Election-day registration, new technologies in works for 2006

By Mike Dennison
Published June 15th 2005 in Great Falls Tribune (MT)
HELENA — It's a while until the next Election Day, but state voting officials already are prepping for some major changes, including the first-ever chance for Montanans to register and vote on the same day.

This week, election officials across Montana get a close-up look at technology enabling "same-day" voter registration and voting, as well as other steps to make voting and vote-counting easier and more efficient.

"I think it's going to allow us, on a number of fronts, to increase accessibility to the voting process," said Secretary of State Brad Johnson, the state's chief election officer. "And we've done it in a way that allows us to protect the integrity of the process."

The changes on tap include:

    ·  A statewide "voter registration database" that allows people to register to vote on Election Day,                   beginning in the November 2006 general election.
    ·  Permanent absentee ballots, so voters don't have to reapply every election.
    ·  New machines at polling sites that check ballots for mistakes before they go in the ballot box for                 counting.
    ·  Electronic audio voting machines for the blind or other disabled citizens, enabling them to vote privately        without assistants, who otherwise would see their votes.

The changes stem from the federal Help America Vote Act, passed by Congress in the wake of the Florida vote-counting disaster in the 2000 presidential election.

Montana's 2005 Legislature and other Montana officials added their own touches, leading to a proposed final plan outlined last week by Johnson's office. County election officials are attending training sessions this week and next on the voter database and other new technology.

The biggest change for voters and election officials is the voter-registration database, a statewide, computerized list of who's registered to vote.

Once it's up and running by next January, county election officials can check new registered voters against the statewide list instantly, to see if the voter is registered elsewhere in the state.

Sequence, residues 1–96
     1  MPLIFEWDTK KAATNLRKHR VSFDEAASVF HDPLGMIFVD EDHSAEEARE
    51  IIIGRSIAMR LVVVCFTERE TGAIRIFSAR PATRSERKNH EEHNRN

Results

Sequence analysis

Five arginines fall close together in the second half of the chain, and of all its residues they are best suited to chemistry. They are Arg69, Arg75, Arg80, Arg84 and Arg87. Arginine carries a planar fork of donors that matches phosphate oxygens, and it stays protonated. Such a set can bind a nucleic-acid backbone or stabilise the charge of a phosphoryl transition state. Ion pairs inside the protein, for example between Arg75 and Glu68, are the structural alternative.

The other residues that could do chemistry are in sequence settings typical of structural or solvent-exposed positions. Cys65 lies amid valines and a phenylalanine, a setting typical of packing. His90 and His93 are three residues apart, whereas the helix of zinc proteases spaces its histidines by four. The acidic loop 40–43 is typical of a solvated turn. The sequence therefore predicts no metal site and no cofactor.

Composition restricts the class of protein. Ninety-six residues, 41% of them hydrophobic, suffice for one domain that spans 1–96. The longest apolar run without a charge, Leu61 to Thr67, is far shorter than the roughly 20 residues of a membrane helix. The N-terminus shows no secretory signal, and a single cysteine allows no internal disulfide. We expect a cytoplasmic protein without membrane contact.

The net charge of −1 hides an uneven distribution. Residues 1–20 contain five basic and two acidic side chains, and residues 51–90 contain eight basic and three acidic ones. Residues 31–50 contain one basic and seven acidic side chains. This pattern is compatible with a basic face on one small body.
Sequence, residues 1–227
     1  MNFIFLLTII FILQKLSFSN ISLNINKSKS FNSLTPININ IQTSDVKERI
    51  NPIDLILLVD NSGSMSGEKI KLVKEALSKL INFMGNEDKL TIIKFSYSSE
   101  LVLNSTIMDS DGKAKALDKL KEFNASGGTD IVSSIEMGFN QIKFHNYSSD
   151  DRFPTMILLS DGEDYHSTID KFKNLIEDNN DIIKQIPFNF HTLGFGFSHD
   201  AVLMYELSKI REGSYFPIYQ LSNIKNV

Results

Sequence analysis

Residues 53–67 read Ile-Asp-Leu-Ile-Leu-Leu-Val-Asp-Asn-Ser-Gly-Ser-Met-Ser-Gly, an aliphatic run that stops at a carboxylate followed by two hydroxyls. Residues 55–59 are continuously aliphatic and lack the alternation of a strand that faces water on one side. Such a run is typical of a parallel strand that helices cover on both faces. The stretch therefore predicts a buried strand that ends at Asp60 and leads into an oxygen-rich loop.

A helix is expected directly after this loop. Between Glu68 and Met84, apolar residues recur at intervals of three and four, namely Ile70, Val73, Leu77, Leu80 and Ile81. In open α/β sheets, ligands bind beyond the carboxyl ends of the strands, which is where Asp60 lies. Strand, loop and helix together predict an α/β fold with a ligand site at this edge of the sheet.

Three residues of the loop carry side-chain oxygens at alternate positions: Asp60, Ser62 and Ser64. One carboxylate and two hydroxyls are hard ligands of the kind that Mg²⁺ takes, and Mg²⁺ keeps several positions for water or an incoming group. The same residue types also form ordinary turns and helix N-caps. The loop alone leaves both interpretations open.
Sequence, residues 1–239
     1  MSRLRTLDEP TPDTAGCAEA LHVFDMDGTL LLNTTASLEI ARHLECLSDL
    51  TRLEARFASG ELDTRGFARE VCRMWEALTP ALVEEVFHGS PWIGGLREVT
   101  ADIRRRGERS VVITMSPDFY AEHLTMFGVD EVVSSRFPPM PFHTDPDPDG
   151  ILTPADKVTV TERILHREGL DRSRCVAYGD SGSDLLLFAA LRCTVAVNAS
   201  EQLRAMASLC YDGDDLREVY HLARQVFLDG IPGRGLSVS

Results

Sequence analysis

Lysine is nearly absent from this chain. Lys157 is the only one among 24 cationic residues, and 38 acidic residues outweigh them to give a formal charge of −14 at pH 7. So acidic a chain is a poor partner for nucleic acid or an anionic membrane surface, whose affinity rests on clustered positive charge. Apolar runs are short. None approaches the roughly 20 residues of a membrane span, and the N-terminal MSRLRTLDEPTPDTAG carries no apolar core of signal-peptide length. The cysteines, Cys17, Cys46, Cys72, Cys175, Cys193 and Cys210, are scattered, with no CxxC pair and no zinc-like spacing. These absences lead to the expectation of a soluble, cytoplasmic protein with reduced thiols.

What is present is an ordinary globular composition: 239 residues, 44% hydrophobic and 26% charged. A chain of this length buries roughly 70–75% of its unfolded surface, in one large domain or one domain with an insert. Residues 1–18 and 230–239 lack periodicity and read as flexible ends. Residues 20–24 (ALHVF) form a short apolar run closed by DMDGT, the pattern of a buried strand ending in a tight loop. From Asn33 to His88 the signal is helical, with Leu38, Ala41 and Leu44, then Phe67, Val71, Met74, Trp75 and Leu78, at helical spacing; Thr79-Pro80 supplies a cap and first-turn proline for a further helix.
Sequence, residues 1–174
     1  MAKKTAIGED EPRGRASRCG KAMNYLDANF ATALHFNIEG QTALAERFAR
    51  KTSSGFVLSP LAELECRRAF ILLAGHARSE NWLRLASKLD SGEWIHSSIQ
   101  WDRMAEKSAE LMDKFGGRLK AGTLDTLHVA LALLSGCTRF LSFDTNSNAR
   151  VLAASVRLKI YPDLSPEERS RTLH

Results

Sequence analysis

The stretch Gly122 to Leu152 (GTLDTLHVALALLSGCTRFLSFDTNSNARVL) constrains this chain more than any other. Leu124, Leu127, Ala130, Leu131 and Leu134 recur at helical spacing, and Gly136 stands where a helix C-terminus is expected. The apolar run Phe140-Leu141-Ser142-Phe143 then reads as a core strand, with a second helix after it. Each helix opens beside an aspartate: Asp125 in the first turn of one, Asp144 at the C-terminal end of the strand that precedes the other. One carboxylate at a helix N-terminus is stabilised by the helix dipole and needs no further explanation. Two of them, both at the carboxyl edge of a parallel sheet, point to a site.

If so, the registration will be canceled in the voter's old address and transferred to the new address.

This technology allows people to register to vote as late as Election Day, starting in November 2006. However, voters who register less than 30 days before Election Day will have to register and vote at their county courthouse.

Debbie Mart, election supervisor for Cascade County, said that's because the courthouse will be the only place officials can check against the computerized list, to ensure that the person registering hasn't registered or voted elsewhere.

"If they're going to (register late) and vote in that election, they have to vote here at the courthouse," she said. "They can't do it at the polls, because their names won't be on any registry list (at regular polling sites)."

If voters register 30 days before the election or sooner, their names will be on the list at their regular neighborhood polling site, and they can vote there — just as they can now.

Starting this year, voters also can ask to be on the list for "permanent" absentee ballots. Seventy-five days before the election, election officials will mail a "confirmation card" to everyone on the list. Voters who mail that card back will get their absentee ballot in the mail, Mart said. Voters who don't mail back the card won't get their ballot in the mail.

Polling sites across Montana also will get some new machines by next year.

About 650 electronic audio voting machines — one for each polling site — will allow blind citizens or other disabled citizens to vote privately without assistance. Equipped with headphones, the machines walk the voter through the ballot and then read back to them how they voted. Once the voter confirms that the ballot is correct, the machine spits out a printed ballot that will be counted.

The cost is $3.3 million in federal funds, plus another $2 million to ensure the machines work and are accessible.

The state also plans to help counties buy "precinct counters," which are machines that check completed ballots at the polling site for any mistakes. If a voter "over-voted" by marking more than one candidate in a race, the machine will spit out the ballot and let the voter fill out a new ballot.

However, some counties — like Cascade — won't be buying the counters.

The state is paying for only half the cost, and Mart said Cascade County doesn't have the money to spend on the precinct counters.

The county already spent considerable money on new computers to handle the statewide voter database, she said.

Amanda Kelly, the election administrator in sparsely populated Judith Basin County, also said she has no plans to buy precinct counters. The county has only four precincts and 2,200 registered voters, and counts its ballots manually, she said.
"We have manual ballots, and I don't plan on switching, unless they make me," Kelly said.

Mark Simonich, chief policy adviser to Johnson, said the office won't force the counters on anyone. But the state hopes counties can upgrade their computers and Internet connection to handle the statewide voter database, so same-day registration and voting can occur efficiently.

"It's a real step forward," he said if the same-day registration and voting. "This will hopefully allow people to be more involved, and make the effort (to vote), even if it is a late effort."

Reach Tribune Capitol Bureau Chief Mike Dennison at (406) 442-9493 or by fax at (406) 442-9413. His e-mail is [email protected]